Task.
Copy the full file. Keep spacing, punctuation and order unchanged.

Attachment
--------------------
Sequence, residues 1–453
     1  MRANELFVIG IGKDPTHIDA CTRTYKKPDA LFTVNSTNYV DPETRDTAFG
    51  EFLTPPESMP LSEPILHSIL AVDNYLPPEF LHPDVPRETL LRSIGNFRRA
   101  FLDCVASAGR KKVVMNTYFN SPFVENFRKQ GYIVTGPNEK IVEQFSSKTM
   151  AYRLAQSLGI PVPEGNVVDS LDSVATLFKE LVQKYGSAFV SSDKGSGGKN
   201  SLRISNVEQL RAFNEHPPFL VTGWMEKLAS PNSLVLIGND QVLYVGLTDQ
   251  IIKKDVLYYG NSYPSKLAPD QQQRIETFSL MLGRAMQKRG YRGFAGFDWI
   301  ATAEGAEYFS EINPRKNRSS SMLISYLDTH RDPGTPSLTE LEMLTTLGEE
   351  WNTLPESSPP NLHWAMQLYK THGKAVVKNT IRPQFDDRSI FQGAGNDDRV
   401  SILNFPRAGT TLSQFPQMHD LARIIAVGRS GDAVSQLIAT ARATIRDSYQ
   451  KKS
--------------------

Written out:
Sequence, residues 1–453
     1  MRANELFVIG IGKDPTHIDA CTRTYKKPDA LFTVNSTNYV DPETRDTAFG
    51  EFLTPPESMP LSEPILHSIL AVDNYLPPEF LHPDVPRETL LRSIGNFRRA
   101  FLDCVASAGR KKVVMNTYFN SPFVENFRKQ GYIVTGPNEK IVEQFSSKTM
   151  AYRLAQSLGI PVPEGNVVDS LDSVATLFKE LVQKYGSAFV SSDKGSGGKN
   201  SLRISNVEQL RAFNEHPPFL VTGWMEKLAS PNSLVLIGND QVLYVGLTDQ
   251  IIKKDVLYYG NSYPSKLAPD QQQRIETFSL MLGRAMQKRG YRGFAGFDWI
   301  ATAEGAEYFS EINPRKNRSS SMLISYLDTH RDPGTPSLTE LEMLTTLGEE
   351  WNTLPESSPP NLHWAMQLYK THGKAVVKNT IRPQFDDRSI FQGAGNDDRV
   401  SILNFPRAGT TLSQFPQMHD LARIIAVGRS GDAVSQLIAT ARATIRDSYQ
   451  KKS